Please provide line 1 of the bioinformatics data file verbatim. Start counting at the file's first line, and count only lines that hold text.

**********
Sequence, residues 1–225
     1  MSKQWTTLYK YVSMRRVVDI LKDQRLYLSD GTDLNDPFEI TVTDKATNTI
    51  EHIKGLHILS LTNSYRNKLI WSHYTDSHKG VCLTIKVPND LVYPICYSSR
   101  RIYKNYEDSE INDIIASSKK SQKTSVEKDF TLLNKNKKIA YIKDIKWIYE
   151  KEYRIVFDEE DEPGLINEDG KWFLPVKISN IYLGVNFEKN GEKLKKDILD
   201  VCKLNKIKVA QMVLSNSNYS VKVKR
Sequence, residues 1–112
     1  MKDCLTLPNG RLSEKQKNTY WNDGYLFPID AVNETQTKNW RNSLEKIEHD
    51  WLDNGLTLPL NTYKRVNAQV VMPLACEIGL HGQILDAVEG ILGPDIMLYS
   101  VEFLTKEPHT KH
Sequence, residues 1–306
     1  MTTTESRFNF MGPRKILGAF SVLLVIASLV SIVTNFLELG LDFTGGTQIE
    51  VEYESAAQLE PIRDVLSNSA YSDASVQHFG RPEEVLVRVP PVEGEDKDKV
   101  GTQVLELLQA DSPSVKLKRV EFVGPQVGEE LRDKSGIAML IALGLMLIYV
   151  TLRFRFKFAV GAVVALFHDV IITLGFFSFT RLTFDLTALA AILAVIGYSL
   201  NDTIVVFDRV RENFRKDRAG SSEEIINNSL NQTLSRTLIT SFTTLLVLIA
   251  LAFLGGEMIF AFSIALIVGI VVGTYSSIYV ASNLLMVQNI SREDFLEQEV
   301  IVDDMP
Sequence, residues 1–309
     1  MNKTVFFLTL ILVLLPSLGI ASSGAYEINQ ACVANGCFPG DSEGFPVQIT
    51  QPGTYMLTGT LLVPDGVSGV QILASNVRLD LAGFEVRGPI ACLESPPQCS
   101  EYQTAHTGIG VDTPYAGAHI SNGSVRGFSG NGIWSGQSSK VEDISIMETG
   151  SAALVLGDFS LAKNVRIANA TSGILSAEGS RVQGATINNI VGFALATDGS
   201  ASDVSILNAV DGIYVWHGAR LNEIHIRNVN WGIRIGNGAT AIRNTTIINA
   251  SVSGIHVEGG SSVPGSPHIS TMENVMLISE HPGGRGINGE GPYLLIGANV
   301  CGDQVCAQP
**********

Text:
Sequence, residues 1–225